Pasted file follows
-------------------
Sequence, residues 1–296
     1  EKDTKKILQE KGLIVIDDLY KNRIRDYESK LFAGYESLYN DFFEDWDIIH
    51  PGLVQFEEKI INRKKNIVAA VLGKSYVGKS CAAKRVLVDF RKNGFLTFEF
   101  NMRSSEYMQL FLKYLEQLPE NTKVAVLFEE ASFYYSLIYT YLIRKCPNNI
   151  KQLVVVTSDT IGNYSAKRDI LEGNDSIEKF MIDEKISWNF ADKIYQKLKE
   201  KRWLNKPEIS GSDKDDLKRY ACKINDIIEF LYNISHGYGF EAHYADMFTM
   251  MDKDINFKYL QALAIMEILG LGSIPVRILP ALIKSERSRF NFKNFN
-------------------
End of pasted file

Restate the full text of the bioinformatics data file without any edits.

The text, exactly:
Sequence, residues 1–296
     1  EKDTKKILQE KGLIVIDDLY KNRIRDYESK LFAGYESLYN DFFEDWDIIH
    51  PGLVQFEEKI INRKKNIVAA VLGKSYVGKS CAAKRVLVDF RKNGFLTFEF
   101  NMRSSEYMQL FLKYLEQLPE NTKVAVLFEE ASFYYSLIYT YLIRKCPNNI
   151  KQLVVVTSDT IGNYSAKRDI LEGNDSIEKF MIDEKISWNF ADKIYQKLKE
   201  KRWLNKPEIS GSDKDDLKRY ACKINDIIEF LYNISHGYGF EAHYADMFTM
   251  MDKDINFKYL QALAIMEILG LGSIPVRILP ALIKSERSRF NFKNFN